Bringing iniquity to remembrance; both to God, before whom she appeared as a sinner, and to her own conscience, if she were guilty, and, if she were not guilty of this, yet it reminded her of her other sins, for which this might be a punishment.

Then shall the man bring his wife unto the priest,.... Not to the high priest but to a common priest, anyone then officiating in his course; for there was a jealousy offering to be offered up before the Lord upon the altar, which none but a priest might do; and besides, the whole process in this affair was to be carried, on by him: according to the Misnah (n), the man brought his wife first to the sanhedrim, or court of judicature in the place where he lived; before whom, as Maimonides (o) says, he proved by witnesses that he had warned his wife of being in private with such a man, and yet she had done it again; and whereas she insisted on her chastity, he desired that the bitter waters might be given her, that the truth might appear; and then they sent him with two disciples of the wise men, to the great sanhedrim at Jerusalem, where the trial was made; who, in order to bring her too confession, endeavoured to terrify her, as they do persons in capital cases, and finding this wilt not do, then they used smooth words, saying, my daughter, perhaps much wine was the occasion of it, or much laughter, &c.

and he shall bring her offering for her: not the priest, but her husband, and that whether he is willing or not, as Aben Ezra; who also observes, that it may be interpreted, with her, or for her sake, not to make any expiation for any fault of his, that when he first observed her immodesty, did not reprove her; for the offering, though brought by him, was not his, but his wife's, and not to expiate her sin, but to bring it to remembrance, as is after expressed:

the tenth part of an ephah of barley meal; which was an omer, Exodus 16:36, the quantity of manna for one man every day, Exodus 16:16, and the quantity of flour in the daily meat offering, Exodus 29:40; only that was of fine wheaten flour; this of barley, the food of beasts, as the Targum of Jonathan remarks; and R. Gamaliel in the Misnah (p) says, that as her deed was the deed of a beast, so her offering was the food of a beast; and this is observed by Jarchi and Aben Ezra on the text, as the reason of barley being used in this offering: some say it was a symbol of her impudence, others of her being little at home, as the barley is not long under ground (q); the true reason, it may be, was for her humiliation, being vile, and mean, hence it follows:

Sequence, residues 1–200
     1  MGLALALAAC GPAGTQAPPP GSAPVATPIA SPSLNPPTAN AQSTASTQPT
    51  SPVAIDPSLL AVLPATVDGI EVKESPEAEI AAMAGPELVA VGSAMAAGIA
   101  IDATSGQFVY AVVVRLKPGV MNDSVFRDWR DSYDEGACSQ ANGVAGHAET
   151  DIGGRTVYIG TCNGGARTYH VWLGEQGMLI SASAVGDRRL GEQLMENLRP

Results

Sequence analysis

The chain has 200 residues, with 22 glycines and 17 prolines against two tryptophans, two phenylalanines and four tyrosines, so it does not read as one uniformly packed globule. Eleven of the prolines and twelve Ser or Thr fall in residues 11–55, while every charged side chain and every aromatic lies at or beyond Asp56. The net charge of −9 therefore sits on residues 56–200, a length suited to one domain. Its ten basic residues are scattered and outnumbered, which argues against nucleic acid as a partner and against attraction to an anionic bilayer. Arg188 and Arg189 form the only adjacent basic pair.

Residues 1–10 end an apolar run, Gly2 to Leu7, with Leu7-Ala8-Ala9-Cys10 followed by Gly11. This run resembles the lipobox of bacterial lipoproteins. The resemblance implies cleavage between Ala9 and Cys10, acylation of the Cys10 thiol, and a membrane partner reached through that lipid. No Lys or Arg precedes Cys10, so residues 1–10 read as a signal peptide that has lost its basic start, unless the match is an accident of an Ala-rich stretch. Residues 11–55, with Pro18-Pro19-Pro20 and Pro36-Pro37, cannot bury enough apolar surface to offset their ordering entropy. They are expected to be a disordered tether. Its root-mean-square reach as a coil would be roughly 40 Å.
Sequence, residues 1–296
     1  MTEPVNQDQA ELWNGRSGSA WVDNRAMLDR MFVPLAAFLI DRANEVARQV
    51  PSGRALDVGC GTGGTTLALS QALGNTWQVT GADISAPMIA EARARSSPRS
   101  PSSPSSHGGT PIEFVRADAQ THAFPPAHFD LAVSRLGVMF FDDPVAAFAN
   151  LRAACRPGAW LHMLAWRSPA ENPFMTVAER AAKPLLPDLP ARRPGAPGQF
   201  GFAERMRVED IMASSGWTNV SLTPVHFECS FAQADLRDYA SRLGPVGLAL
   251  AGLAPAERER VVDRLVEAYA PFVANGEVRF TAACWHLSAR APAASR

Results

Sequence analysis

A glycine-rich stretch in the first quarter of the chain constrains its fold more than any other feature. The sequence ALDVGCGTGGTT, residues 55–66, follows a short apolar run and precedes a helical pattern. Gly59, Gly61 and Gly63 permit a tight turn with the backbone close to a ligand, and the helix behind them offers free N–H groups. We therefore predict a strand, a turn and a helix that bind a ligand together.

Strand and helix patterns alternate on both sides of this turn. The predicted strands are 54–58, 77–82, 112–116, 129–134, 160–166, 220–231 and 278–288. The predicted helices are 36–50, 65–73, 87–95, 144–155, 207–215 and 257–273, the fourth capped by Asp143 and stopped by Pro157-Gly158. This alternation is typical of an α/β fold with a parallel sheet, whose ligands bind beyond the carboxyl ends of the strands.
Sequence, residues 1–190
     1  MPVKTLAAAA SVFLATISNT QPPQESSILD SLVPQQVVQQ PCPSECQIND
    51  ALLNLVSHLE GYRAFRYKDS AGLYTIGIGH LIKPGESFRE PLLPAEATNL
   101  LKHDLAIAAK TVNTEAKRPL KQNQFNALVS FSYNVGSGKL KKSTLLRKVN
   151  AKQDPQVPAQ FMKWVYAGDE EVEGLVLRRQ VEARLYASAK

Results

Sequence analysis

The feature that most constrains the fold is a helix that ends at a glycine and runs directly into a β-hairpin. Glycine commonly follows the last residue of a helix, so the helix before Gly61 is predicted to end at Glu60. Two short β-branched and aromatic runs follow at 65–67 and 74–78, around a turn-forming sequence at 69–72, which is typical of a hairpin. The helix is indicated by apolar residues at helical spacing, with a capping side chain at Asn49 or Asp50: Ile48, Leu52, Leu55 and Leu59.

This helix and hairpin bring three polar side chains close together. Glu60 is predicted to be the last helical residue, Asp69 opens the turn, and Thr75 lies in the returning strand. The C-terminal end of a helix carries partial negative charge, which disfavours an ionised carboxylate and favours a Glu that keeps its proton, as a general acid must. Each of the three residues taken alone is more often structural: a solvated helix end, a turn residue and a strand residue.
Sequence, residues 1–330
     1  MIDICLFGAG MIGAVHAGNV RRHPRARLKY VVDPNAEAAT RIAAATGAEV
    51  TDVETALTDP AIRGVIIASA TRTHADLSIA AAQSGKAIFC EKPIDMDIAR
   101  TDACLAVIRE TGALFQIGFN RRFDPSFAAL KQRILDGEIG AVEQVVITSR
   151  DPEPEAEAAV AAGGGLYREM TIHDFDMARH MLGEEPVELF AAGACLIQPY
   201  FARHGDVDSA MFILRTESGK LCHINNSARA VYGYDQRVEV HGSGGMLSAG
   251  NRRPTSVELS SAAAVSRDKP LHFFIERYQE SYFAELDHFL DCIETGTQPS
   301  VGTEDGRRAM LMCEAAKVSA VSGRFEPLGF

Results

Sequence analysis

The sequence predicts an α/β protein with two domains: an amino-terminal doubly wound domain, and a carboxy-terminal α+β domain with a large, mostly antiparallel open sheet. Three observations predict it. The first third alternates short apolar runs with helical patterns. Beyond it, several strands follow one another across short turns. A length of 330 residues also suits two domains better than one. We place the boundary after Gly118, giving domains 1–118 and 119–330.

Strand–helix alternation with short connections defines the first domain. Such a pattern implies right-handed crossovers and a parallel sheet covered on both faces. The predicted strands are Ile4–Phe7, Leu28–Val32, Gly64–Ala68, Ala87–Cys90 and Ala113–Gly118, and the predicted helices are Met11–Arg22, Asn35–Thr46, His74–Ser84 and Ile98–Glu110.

he shall pour no oil upon it, nor put frankincense thereon; as used to be oft meat offerings, denoting their acceptableness to God, Leviticus 2:1; the reason seems to be, because these were tokens of joy and gladness, whereas this was a mournful affair to the husband, that he should have any cause of suspicion and jealousy, to the wife that she should be suspected, and to the whole family on that account:

for it is an offering of jealousy, an offering of memorial, bringing iniquity to remembrance; if guilty of it, and therefore oil and frankincense were forbidden in this kind of offering as in a sin offering, Leviticus 5:11.

(n) Ut supra, (Misn. Bava Kama, c. 9.) sect. 3, 4. (o) Hilchot Sotah, c. 3. sect. 1.((p) Sotah, c. 2. sect. 1.((q) Apud Muis. in loc.

Then shall the man bring his wife unto the priest, and he shall bring her offering for her, the tenth part of an ephah of barley meal; he shall pour no {f} oil upon it, nor put frankincense thereon; for it is an offering of jealousy, an offering of memorial, bringing iniquity to {g} remembrance.